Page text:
Wednesday, June 23, 2010

The Entrepreneurial Bedside Manner or Why Scott Kirsner's Conferences are so Damned Good!

Well, I can answer the second part first -- that is, why Scott's conferences are so good. It was great to attend Momentum Summit today and see Scott who's a total mensch, good guy, SMART dude if you don't know him. His conferences are great because he's an entrepreneurial scientist who loves to put the best specimens under his microscope and study them painstakingly for his own edification. That is, you always get the feeling that he creates conferences which are PERSONAL, because he's fascinated in the topic and he feels a pressing need to round up the best people and learn from them.

The audience? They just happen to be lucky bystanders and I love the feeling that we're watching Scott's own personal journey of self-enlightenment, as if he were programming his own 24-hour Entrepreneurial Discovery Channel and we're all along for a fascinating ride. I've seen a few other people run conferences in this way -- Esther Dyson, Bob Metcalfe, Richard Saul Wurman, John Battell, Dave Winer and I'd add Jeff Pulver to the list (although I still haven't had a chance to attend one, but I'm eager to do so.) They are great thinkers, hungry to learn more and you can come along for the ride.

So Scott rounded up some terrific people to figure out how entrepreneurial leaders lead. I'm calling it "The Entrepreneurial Bedside Manner" An idea that occurred to me listening to all the great speakers today. When I say "bedside manner" I guess I mean, what is it that makes an entrepreneurial leader someone you would trust completely? There are many leadership qualities and we saw them on parade today. Each leader had a different take on it.

It's clear Gail Goodman at Constant Contact really knows how to listen to customers and act on that inside knowledge. She also radiates a feeling of knowing what matters and what doesn't. Key attributes for any entrepreneur.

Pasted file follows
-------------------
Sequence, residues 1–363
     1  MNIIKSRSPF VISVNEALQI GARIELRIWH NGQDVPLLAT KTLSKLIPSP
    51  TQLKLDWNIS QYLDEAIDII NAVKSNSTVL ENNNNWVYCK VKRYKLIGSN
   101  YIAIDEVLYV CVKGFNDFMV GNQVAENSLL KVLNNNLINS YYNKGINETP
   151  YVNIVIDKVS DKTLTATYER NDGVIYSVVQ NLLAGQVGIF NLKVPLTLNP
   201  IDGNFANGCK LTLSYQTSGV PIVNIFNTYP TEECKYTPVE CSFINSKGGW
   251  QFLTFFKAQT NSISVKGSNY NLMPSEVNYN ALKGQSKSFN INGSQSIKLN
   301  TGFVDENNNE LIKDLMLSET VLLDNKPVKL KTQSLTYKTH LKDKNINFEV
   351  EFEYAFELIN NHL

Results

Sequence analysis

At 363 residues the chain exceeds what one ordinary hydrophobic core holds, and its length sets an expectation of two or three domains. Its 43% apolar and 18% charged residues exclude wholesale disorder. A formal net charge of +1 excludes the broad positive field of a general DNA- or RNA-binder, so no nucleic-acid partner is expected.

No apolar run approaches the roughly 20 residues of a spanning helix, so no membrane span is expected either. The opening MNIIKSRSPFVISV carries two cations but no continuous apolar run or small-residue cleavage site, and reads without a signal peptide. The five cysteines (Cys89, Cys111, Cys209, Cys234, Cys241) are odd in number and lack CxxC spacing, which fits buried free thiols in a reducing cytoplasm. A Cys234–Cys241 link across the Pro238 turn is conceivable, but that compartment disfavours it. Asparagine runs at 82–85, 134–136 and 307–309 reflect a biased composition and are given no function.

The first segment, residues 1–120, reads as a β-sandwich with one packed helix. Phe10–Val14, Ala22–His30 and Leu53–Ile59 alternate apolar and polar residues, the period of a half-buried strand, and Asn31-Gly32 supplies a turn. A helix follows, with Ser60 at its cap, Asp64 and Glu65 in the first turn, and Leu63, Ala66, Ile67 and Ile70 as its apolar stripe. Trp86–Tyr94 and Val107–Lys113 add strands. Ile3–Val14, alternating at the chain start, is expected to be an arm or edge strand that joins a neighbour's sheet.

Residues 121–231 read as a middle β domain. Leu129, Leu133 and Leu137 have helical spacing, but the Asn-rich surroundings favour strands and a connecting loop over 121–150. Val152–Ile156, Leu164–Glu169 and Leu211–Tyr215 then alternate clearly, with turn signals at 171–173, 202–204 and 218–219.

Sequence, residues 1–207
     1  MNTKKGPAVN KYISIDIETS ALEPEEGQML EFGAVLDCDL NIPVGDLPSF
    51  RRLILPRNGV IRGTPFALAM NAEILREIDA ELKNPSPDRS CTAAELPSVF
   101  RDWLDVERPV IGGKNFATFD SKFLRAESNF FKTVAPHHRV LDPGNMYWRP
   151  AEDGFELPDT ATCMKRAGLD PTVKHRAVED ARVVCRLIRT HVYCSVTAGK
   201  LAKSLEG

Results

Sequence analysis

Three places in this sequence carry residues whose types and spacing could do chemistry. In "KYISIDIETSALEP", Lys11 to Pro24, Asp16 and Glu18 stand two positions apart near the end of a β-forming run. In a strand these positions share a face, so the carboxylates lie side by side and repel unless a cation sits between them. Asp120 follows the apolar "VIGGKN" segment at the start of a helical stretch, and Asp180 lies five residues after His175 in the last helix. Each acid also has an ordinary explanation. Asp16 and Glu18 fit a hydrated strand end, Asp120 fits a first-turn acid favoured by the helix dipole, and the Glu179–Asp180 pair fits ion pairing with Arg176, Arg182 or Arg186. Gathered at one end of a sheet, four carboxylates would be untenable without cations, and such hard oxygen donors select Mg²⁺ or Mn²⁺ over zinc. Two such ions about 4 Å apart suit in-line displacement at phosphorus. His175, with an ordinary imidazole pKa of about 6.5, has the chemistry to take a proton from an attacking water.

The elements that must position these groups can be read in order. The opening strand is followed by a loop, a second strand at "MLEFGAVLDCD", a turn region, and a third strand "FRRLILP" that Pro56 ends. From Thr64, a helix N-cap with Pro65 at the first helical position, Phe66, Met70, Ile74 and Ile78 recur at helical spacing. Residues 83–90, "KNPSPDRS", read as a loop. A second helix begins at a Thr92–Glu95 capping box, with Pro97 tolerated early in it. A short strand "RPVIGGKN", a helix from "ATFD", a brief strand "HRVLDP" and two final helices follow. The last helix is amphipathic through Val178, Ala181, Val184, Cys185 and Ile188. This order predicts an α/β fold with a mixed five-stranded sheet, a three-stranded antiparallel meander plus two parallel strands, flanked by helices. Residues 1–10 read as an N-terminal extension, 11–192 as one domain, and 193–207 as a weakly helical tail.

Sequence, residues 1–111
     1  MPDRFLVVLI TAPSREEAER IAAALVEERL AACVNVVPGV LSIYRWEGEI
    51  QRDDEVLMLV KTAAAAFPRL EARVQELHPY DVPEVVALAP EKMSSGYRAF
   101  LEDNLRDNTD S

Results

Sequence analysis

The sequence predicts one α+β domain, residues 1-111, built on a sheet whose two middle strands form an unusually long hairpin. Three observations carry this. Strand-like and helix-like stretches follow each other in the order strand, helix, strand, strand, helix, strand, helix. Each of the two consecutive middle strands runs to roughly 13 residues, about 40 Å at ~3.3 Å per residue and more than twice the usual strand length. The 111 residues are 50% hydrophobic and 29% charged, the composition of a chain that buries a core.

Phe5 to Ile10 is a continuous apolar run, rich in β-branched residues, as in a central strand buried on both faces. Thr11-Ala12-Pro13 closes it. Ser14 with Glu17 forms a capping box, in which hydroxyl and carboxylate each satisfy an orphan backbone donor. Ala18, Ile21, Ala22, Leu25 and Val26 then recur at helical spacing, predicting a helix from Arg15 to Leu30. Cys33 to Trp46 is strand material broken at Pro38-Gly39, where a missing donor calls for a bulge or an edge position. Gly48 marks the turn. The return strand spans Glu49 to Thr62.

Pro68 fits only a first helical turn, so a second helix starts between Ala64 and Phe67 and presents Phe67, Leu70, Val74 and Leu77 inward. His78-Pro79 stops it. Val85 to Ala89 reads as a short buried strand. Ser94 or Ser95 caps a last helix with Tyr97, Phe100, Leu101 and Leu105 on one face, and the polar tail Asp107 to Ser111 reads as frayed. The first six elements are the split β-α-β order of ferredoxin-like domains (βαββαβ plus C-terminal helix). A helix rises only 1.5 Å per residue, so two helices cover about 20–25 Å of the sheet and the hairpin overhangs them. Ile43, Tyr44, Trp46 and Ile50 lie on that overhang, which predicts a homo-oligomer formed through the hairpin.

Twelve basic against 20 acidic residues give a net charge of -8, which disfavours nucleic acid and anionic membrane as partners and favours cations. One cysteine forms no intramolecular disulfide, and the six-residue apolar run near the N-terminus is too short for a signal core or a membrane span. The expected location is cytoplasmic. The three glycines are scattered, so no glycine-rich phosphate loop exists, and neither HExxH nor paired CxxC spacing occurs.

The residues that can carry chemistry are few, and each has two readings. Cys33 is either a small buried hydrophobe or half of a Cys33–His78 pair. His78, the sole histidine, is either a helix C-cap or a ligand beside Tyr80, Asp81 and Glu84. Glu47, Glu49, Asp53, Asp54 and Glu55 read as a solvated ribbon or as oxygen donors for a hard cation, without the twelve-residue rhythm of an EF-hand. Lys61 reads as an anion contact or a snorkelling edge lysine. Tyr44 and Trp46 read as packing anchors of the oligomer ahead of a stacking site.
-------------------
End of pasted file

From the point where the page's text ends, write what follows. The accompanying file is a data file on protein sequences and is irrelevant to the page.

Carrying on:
Tom Leighton's terrific storytelling about the beginning of Akamai was all about a bunch of passionate brilliant guys pursuing an idea they loved, wanted to prove it and then they jumped right in, passionately doing just about everything WRONG, but succeeding like gangbusters. But what did they get totally right? The passion part. Their passion seemed to attract all the right people to help them test their beloved idea. And being brilliant MIT mathematicians (sounds a lot like "magicians" doesn't it?) certainly served them as well.

I love VistaPrint, so I have to admit my bias, but I actually have never met anyone from the company -- just been a very happy customer of theirs in many start-ups I've worked for. Trynka Shineman from VistaPrint knows her market, knows her customers, knows how to make them happy. Add to that solid knowledge her openness about learning about their businesses -- even the business of a very small company in the middle of East Nowhere. She honors and respects all of her "long tail" clients in a refreshing way.

When Ben Fischman of Rue La La took the floor, you got a nice big dose of CONFIDENCE. I mean, do you really want to follow a leader who's kind of uncertain and iffy about what he's doing?! I don't think so.

And with TripAdvisor's Steven Kaufer, you got that same feeling of confidence, spiced up with some wry humor, skepticism and down-to-earth "Just Do It" attitude.

And then there was ZipCar's CEO Scott Griffith, being interviewed by Laura Fitton of OneForty -- Scott, I had never met and Laura, I've known a while and think is swell. But this notion of the Entrepreneurial Bedside Manner was really born out of their conversation. Anyone who was in the room knows what I mean. They were discussing "leadership" but the media sure as heck was the message.

Scott Griffith exudes a calming, solid, trusting, wise and measured quality any leader should strive for. He gives off that excellent reassuring sense that he can make the easy decisions and the hard ones. He will be wise and methodical when necessary and fast and opportunistic when required. He makes you feel like you'd trust him to perform brain surgery on your own noggin and not even sign the release forms before he gave you the anesthesia. More than anything, he makes you know he REALLY CARES about ZipCar and getting it right. He cares so much, he makes YOU care. That's a leader. That's the brilliant bedside manner any entrepreneur should embrace.